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Also, it would seem that you're deleting the instance from the list within the middle of iterating the list:

loop{    delete particle         remove self from list}

I'm pretty sure that a vector's iterator can be invalidated by modifications to the list if a memory allocation is required.

it's far better to just flag for deletion and running separate remove_if call

I don't know if that's related to your performance problem, but i think it's definitely a horrible bug in your code.

-me

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I tested with both they get the same result. I suppose there I should really use the size() there.

The reason it exists is it's a global and tracks the total particle count in the entire game (as each particle system thats created gets it's own vector for storing particles). Here I only have 1 system for testing though so the values are the same.

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I doubt it will make much of a difference but ++it cam be faster than it++. it++ can make a copy of it every time it is called.

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if I do:
	for(std::vector<c_part*>::iterator it = part_list.begin(); it != part_list.end(); ++it)

It crashes here:
<vector>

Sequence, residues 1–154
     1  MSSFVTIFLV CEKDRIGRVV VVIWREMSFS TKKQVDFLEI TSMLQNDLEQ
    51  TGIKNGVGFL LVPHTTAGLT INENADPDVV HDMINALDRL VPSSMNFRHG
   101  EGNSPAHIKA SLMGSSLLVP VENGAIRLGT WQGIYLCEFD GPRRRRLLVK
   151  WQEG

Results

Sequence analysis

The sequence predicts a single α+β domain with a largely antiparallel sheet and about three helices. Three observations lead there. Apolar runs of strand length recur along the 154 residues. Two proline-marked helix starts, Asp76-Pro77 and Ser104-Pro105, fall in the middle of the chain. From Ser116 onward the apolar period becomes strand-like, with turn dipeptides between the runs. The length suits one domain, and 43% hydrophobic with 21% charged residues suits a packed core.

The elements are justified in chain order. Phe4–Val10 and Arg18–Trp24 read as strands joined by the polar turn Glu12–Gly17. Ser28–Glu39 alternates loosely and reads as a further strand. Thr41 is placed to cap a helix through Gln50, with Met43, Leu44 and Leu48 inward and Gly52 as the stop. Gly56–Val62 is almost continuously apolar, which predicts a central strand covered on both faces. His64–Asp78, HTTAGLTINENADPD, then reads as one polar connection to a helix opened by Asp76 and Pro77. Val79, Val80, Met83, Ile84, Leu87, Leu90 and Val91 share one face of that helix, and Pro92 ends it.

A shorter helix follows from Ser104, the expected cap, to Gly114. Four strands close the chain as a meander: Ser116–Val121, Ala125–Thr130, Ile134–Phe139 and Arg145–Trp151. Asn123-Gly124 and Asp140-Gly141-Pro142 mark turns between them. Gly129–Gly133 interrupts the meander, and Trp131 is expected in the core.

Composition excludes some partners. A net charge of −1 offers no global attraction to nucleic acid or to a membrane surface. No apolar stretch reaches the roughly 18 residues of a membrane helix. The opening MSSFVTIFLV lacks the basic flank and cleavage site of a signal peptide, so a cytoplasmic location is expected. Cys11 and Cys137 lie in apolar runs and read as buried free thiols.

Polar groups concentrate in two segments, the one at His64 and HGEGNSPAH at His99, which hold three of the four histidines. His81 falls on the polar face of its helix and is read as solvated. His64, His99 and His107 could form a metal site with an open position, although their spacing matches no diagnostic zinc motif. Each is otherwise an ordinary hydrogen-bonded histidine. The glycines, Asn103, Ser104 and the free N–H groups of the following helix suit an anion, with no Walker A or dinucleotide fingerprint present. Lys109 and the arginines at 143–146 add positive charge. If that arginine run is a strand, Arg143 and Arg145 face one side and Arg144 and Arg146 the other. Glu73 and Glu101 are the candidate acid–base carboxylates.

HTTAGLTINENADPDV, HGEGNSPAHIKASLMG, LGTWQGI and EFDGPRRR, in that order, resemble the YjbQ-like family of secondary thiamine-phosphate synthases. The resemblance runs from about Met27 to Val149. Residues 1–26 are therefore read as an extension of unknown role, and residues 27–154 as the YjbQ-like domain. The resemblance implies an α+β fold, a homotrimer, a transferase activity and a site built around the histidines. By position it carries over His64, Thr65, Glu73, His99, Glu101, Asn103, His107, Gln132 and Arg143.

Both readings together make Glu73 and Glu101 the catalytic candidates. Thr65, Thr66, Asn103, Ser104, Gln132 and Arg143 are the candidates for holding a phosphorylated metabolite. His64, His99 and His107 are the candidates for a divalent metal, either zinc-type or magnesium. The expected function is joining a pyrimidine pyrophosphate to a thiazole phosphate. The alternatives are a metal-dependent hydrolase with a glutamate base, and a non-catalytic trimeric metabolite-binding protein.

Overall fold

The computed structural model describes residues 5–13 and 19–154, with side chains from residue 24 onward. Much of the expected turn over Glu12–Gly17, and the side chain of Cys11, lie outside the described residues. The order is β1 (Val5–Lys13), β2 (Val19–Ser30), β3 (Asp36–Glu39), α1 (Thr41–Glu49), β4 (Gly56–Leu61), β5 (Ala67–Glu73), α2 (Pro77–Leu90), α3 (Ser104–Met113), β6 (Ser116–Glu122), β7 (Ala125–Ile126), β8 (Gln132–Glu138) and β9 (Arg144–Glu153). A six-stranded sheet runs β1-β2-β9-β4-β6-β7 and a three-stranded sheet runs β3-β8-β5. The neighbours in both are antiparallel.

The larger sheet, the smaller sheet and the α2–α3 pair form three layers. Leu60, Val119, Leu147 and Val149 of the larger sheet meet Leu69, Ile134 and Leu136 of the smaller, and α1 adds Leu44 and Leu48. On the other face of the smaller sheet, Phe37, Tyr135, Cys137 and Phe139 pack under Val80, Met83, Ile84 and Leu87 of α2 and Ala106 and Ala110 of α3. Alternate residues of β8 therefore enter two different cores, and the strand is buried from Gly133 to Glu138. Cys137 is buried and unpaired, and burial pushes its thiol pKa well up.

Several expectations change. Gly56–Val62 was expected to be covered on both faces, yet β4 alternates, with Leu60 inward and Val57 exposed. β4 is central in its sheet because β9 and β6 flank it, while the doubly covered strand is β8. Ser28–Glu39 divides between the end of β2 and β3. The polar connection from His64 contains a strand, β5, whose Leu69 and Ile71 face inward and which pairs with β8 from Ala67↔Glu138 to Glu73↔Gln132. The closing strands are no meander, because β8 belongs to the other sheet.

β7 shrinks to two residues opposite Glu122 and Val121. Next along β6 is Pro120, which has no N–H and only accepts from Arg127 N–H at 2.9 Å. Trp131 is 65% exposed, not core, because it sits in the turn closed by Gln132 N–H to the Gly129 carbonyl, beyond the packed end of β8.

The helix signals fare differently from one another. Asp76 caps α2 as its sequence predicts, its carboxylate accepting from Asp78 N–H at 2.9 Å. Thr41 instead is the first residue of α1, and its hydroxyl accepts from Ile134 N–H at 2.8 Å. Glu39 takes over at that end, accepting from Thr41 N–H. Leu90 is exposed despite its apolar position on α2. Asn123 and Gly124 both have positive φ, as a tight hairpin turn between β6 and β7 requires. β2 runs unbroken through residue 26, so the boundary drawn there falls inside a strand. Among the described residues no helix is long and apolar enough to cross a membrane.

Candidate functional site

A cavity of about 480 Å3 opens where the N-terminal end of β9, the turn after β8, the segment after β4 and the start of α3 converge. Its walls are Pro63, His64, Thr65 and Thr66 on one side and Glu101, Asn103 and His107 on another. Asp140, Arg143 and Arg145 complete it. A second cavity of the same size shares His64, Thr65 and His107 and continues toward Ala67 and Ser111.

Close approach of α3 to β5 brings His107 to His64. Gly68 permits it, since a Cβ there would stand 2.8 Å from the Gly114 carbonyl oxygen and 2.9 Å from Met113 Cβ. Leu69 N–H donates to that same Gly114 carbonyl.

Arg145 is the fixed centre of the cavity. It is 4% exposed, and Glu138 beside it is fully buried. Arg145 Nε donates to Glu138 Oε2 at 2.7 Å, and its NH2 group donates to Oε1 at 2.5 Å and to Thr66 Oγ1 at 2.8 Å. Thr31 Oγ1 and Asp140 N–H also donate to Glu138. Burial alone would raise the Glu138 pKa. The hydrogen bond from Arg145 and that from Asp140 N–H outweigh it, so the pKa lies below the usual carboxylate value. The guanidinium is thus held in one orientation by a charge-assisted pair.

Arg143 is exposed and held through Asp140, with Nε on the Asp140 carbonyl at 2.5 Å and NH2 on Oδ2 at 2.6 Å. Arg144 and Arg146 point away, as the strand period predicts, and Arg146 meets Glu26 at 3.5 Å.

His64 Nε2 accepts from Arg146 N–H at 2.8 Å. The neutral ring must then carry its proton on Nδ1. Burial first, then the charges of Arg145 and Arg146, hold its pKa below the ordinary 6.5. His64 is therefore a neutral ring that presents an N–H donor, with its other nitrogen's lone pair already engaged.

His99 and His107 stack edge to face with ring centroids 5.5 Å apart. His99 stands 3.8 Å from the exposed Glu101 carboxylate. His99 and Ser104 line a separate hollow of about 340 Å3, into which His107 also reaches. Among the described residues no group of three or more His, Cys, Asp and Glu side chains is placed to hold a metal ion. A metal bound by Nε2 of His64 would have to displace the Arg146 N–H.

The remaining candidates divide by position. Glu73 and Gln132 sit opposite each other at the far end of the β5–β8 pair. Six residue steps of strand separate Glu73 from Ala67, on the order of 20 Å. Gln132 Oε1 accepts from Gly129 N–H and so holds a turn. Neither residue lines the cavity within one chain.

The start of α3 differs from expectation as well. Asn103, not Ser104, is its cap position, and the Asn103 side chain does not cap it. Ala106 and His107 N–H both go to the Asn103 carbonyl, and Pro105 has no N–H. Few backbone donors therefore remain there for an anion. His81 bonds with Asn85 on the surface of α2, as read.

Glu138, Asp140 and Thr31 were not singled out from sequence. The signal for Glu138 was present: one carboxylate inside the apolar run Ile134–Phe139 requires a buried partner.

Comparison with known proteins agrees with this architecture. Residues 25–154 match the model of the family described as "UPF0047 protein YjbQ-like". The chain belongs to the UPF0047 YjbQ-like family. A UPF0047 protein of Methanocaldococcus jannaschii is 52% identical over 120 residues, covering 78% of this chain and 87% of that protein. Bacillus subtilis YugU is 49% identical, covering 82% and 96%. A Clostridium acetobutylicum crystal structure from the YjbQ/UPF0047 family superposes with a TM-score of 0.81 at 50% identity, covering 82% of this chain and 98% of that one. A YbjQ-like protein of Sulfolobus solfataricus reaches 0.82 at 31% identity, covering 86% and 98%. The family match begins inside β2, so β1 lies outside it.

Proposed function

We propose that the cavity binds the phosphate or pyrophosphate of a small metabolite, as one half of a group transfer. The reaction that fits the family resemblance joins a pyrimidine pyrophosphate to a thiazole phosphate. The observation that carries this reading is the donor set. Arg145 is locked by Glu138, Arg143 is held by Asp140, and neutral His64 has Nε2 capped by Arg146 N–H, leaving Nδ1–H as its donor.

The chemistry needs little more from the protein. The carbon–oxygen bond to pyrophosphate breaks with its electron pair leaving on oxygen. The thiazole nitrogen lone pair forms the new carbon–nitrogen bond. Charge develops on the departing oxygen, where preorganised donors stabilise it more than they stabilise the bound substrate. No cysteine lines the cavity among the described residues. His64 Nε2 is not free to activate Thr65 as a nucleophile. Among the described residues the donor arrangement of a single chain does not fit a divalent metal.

_Myt& operator++()		{	// preincrement		_SCL_SECURE_VALIDATE(this->_Has_container());//HERE LINE 116		_SCL_SECURE_VALIDATE_RANGE(_Myptr < ((_Myvec *)(this->_Getmycont()))->_Mylast);

I'm not sure why. At worst it should skip the 1st or last value value the conditional still applies regardless of if it is increased before or after the code block...

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A loop that switches from i++ to ++i should be functionally equivalent. If that one change caused the crash I suspect you may be overwriting memory somewhere.

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ok what would be a good way to remove elements that have been deleted from the vector?

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Quote:
 http://www.cppreference.com/cppvector/erase.htmlThe erase() function ... deletes the element at location loc ... The return value is the element after the last element erased.

if((*it) == NULL) continue;(*it)->update();if((*it)->shouldRemove()) it = emitter_list.erase(it);

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You really don't want to be doing that much dynamic allocation / destruction.

One way to speed it up would be to use a pool of particles and just tag them as free after their lifetime is over. So basically, you come up with a max number of particles for the system and you allocate that number of particles ahead of time (or reserve if you're using STL), then you tag all of them as available by setting age less than zero or adding a bool (bInUse), etc.

Then, as the system wants to create particles it just uses the "free pool" of particles instead of actually new'ing them.

I would just point you to my open-source particle system Particle Chamber here on GameDev.net, but the link is broken. (Update below)

If you want the source, just email me at richbenson <@> gmail <.> com and I'll send you the .zip.

Update: The GameDev link is back up.
This is the link to the Special Effects page:
http://www.gamedev.net/reference/list.asp?categoryid=72

If you scroll down to Subcategory: Particle Systems, you'll see Particle Chamber a few entries down.

[Edited by - Keebler on April 5, 2008 10:50:01 AM]